July 21, 2017 / 4:22 PM / a year ago

New York, Seattle lead U.S. muni supply next week

July 21 (Reuters) - New York City is planning to issue $800 million in tax-exempt, general obligation bonds on Wednesday, the biggest deal of a week featuring $4.65 billion of new bonds and notes in the U.S. municipal market.

The New York issuance, underwritten by Bank of America Merrill Lynch, is part of a total sale of $860 million, which includes $60 million of taxable fixed-rate bonds that will be offered competitively.

The debt will refund around $700 million in bonds that are currently callable, said Tyrone Stevens, a spokesman for New York City Comptroller Scott Stringer.

Another big deal on tap for next week comes out of the northwest, where the Port of Seattle, Washington, will issue $608 million in a trio of intermediate lien refunding bonds, underwritten by Citigroup.

The port, which owns and operates the Seattle-Tacoma International Airport, will use the money to fund capital improvements to the airport, and to refund a 2009 bond issuance, according to bond documents.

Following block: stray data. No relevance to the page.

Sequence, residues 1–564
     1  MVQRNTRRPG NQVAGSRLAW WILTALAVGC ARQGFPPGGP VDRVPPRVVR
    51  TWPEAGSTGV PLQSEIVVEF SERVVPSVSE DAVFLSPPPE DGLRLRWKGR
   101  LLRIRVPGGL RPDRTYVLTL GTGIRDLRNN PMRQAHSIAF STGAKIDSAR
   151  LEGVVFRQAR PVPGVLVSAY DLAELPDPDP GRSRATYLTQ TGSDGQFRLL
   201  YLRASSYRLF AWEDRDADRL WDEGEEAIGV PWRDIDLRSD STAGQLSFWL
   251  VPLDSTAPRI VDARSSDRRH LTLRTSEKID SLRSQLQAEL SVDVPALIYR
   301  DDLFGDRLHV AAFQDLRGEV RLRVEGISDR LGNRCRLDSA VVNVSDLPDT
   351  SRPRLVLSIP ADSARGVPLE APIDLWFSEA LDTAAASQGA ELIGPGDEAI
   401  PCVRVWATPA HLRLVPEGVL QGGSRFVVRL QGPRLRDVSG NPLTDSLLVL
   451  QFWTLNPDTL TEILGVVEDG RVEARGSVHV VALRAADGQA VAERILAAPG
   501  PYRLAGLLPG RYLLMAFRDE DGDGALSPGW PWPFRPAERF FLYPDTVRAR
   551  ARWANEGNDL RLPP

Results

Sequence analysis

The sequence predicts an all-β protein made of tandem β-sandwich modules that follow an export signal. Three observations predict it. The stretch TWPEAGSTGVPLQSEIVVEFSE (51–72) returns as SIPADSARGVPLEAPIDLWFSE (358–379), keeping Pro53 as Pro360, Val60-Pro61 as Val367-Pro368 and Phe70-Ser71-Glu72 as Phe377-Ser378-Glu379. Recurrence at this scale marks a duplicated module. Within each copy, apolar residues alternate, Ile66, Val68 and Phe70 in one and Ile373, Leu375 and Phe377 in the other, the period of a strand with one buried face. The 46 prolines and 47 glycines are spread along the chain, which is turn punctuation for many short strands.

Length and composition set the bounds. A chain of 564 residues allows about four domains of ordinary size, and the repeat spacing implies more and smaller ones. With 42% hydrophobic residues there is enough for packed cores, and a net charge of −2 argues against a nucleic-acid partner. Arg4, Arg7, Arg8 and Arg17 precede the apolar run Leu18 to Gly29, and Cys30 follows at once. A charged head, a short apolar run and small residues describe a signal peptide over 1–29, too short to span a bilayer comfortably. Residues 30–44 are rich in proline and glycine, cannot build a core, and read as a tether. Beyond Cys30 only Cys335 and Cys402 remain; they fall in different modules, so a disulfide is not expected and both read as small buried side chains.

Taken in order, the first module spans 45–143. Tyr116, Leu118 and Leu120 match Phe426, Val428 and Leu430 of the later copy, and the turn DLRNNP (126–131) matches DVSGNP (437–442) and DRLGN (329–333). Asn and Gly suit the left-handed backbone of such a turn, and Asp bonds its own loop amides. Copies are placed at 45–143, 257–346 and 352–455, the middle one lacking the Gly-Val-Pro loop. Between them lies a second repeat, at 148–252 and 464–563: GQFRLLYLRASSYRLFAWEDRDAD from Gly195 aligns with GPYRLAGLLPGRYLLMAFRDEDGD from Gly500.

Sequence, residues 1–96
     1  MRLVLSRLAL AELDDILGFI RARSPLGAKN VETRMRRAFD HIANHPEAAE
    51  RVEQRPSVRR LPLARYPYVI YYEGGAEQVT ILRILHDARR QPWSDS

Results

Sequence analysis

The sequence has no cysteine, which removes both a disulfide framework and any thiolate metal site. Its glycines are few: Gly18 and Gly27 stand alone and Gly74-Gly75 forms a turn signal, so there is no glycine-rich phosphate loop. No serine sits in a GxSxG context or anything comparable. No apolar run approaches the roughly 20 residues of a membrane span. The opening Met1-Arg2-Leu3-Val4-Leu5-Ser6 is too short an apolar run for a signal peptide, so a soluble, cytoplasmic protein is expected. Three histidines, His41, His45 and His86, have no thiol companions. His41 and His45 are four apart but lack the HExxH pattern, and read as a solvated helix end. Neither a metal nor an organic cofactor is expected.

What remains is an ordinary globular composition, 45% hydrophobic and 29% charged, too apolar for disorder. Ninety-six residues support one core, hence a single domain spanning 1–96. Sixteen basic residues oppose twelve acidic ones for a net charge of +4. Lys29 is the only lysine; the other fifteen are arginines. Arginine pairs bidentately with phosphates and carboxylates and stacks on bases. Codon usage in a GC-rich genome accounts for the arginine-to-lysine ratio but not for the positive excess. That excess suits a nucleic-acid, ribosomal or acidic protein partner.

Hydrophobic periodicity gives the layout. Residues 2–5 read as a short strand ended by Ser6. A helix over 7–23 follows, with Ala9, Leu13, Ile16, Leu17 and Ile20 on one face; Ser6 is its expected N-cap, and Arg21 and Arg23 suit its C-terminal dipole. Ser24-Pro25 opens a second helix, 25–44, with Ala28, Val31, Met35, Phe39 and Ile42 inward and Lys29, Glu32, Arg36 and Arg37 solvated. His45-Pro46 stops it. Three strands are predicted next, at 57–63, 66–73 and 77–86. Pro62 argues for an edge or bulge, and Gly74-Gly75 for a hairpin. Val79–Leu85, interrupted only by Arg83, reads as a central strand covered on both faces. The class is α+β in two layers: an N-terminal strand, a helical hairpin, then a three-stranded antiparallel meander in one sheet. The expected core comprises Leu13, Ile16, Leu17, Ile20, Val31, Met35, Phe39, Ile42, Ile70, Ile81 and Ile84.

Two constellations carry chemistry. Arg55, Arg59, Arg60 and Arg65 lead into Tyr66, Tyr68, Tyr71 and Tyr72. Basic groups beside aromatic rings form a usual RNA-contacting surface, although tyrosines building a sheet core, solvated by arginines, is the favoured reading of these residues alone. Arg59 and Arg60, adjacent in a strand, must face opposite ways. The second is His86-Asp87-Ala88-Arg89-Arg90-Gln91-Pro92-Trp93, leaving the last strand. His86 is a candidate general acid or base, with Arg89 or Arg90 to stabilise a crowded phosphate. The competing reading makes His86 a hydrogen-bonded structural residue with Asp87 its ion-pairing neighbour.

The port is undertaking a handful of capital projects over the next five years, including building a new arrival facility for international passengers, revamping the baggage claim system, and addressing seismic concerns in one of its terminals.

Next week’s biggest competitive bond deal comes from Alexandria, Virginia, which plans to sell some $95 million of GO capital improvement bonds. The South Carolina Association of Governmental Organizations will provide the biggest sale of notes, offering $52 million in certificates of participation.

Municipal bond yields have fallen lately, generally down more than 10 basis points over the last week or two, a trend Barclays municipal credit analyst Mikhail Foux attributed to the similar fall in U.S. Treasury yields.

Foux added he expects municipal debt trading to continue to be slow next week, though he is keeping an eye on the U.S. Federal Reserve, which “could have some effect on rates.”

“The market expects the Fed to stay put, but maybe we’ll get some clarity on their thinking,” Foux said. (Reporting by Nick Brown; Editing by Chris Reese)

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